Though he died when I was only 18, Billy Wilder seemed to have a knack for imprinting things on my brain.
It was he who said that Audrey Hepburn “might single-handedly make bosoms a thing of the past.”
He was also the one who directed Marilyn Monroe, in Some Like It Hot, to lament that, because of her boobs, “nothing ever hangs right.”
I know exactly why Billy Wilder’s boobisms stick in my brain: I’m wildly insecure about my breasts. By age 14, I wore the same bra size I would wear until I was nursing children, and basically felt like a walking D-cup with no other features.
The Audrey assessment confirmed everything I had suspected. The hype around boobs was a sham. They were a thing of the past.
When I heard the Marilyn line, I thought it was nice to have camaraderie, especially with someone who was, I think we can all agree, more attractive than me. “See! Even Marilyn Monroe gets it.” Boobs were nothing but trouble, and the reason all my shirts hung like circus tents.
A girl with less on her chest might have glossed over Billy Wilder’s anti-boob statement. When watching Some Like It Hot, my more streamlined friends might focus on the reaction of the male characters who heard Marilyn’s complaint. The movie makes it obvious that the men see no problem with the way her shirt hangs.
Whatever you’ve got, it’s going to be the wrong thing. You can be Audrey or you can be Marilyn, but you can’t be happy.
A therapist told me recently that psychologists are starting to believe that it’s not possible for the majority of Americans to have a positive body image. That neutral is the best most of us can hope for. Hating our bodies is as American as the apple pie we ate after everyone went to bed and then purged into the toilet.
As a teen it felt like the only pro-boob propaganda out there existed in the trashy cartoon, plastic surgery, and porn worlds—neither where I was, nor where I wanted to be. Boobs could be objects, but they could not be assets; not for a woman like me. I was more of an arts, culture, and academy kind of girl. Later, when I discovered feminism and leftist politics, I felt like my genetics had sold me out to the patriarchy.
Are there any other body parts that take over so much of your identity?
It wasn’t all in my head. People noticed.
At a slumber party for my cheerleading squad, my far less developed friends begged me to let them see what kind of fruit would fill out my bra. Cantaloupe is the correct answer.
Contrary to stereotype, cheerleading was boon to my body image. I am sturdy and strong, and so was able to throw the little pixie-like squad members into the air. I could finally see the purpose of my body being built the way that it was. Most of the time, I was hounded by the arbitrariness of my entire body, especially my breasts. I wanted to point to some evolutionary advantage of my big boobs, but there isn’t one. There isn’t really a purpose to them being this big at all, they just are. Like an appendix or vestigial tail.
In cheerleading, at least they were attached to a powerful, purposeful body. All the jumping and tumbling, however, was an endless source of angst for my mother.
My mom didn’t know about the specialty market that exists for big-breasted athletes. Later in life I would spend $90 on a bra so tight that came with instructions on how to slowly acclimate your lungs over several days before actually wearing it to work out.
However, the neon pink $30 sports bras of high school were not up to the task of my ample bosom. Even when I layered two of them, there was significant bouncing as we cascaded onto the basketball court to get the crowd going at halftime. My mom’s solution was to buy me a full corset with three-inch-wide straps and about 30 eye-hook fasteners, and cups made of inflexible material that gave my breasts a distinctly Happy Days shape.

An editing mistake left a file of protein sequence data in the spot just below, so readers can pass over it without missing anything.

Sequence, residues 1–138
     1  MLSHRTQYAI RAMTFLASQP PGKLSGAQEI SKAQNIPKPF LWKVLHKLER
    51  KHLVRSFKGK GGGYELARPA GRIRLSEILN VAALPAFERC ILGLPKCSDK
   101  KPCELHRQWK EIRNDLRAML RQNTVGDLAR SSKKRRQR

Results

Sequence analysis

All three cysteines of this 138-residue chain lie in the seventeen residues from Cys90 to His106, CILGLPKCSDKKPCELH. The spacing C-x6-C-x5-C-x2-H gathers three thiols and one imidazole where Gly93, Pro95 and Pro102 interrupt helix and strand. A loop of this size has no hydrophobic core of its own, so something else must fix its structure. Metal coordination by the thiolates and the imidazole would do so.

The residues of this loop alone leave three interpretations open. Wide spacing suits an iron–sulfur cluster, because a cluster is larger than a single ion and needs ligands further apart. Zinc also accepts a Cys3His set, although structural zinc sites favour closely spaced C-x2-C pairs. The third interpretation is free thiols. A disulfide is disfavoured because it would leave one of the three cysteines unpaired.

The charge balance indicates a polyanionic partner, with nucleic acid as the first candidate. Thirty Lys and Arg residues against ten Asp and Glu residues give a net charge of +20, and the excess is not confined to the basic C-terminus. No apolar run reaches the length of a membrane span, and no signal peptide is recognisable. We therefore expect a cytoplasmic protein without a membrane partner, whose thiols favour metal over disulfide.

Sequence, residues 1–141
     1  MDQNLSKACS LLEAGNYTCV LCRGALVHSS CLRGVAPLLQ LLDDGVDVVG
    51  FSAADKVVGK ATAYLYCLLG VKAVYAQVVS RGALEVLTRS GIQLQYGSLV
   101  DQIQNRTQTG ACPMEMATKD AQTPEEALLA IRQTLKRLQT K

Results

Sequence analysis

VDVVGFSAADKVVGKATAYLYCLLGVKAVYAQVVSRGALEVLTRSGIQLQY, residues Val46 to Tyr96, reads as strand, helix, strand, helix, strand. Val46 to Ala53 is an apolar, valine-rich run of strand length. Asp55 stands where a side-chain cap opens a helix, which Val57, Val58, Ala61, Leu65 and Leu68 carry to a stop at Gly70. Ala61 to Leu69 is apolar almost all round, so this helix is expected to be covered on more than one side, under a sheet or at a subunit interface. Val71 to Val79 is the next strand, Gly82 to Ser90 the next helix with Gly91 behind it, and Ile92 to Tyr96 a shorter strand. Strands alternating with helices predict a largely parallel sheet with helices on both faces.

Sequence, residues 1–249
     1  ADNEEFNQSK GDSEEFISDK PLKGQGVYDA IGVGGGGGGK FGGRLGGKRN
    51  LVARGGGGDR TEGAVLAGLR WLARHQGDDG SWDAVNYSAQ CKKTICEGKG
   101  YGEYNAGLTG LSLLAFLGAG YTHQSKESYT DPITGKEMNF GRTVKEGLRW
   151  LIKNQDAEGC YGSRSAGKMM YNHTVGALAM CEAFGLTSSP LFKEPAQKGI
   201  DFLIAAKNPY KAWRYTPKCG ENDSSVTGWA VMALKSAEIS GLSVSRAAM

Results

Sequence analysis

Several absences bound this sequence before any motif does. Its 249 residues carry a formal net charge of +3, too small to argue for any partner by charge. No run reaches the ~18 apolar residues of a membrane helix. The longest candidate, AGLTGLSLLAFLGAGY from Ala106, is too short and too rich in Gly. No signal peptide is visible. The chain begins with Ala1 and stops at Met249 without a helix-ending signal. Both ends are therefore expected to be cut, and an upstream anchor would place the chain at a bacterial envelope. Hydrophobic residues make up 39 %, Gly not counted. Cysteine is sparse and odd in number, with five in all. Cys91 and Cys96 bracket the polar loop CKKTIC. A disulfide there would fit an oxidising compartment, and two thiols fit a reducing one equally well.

One day before practice I went into our cheerleading squad’s dressing room to find my corset hanging on the wall, with two fully inflated balloons filling it out. My mischievous squad mates again claimed to be jealous, which I didn’t believe. They all bought their prom dresses in the trendy junior section, while I was trying to find a bridesmaid gown that didn’t make me look like someone’s spinster aunt.
When dealing with insecure teenage girls— who all exist discontentedly along the Audrey-to-Marilyn spectrum— it’s impossible to tell when they knew how mean they were being.
One friend, from church, also had big boobs, but she was six inches shorter than me, and wore size two jeans. Her boobs were more problematic, she insisted, because they were out of scale with her “tiny body.” I should be glad, she said, that mine were at least proportional.
A giant body to go with my giant boobs.
Trying on clothes once during my ultra marathon-running years, another friend said, sounding genuinely surprised, “Wow. You actually have a small waist.” Then she trailed off, as if to herself, but fully audible: “It’s just those boobs…”
Most of the time my breasts made me feel either matronly or raunchy. When I tried to put on a tighter shirt that made me feel less like the evil headmistress of a nineteenth century school for unwed mothers, I would get called out by youth group leaders and Christian school teachers for immodesty.
Ironically though, as much as my parents, pastor, and Christian school teacher were griping about the loose morals and gay agendas of Hollywood, they found themselves in agreement on women’s responsibility to be thin.
When I was in middle school, my pastor’s daughter—a stunning, lanky college student—led a girls’ summer Bible study about being the kind of woman that pleases God. I remember nothing except that there was an entire lesson devoted to keeping a trim figure and dressing in a flattering, feminine way.
My jiggly D-cups, in contrast to all the training bras and countable ribs around me, were anything but trim. When I dressed in a feminine way, my mom told me to go upstairs and change.
Pleasing God, the workbook made clear, was synonymous with pleasing one’s future husband. So having a body that boys liked was really important, like Ten Commandments important. But we were also responsible for their purity—those youthful penises weren’t going to keep themselves flaccid.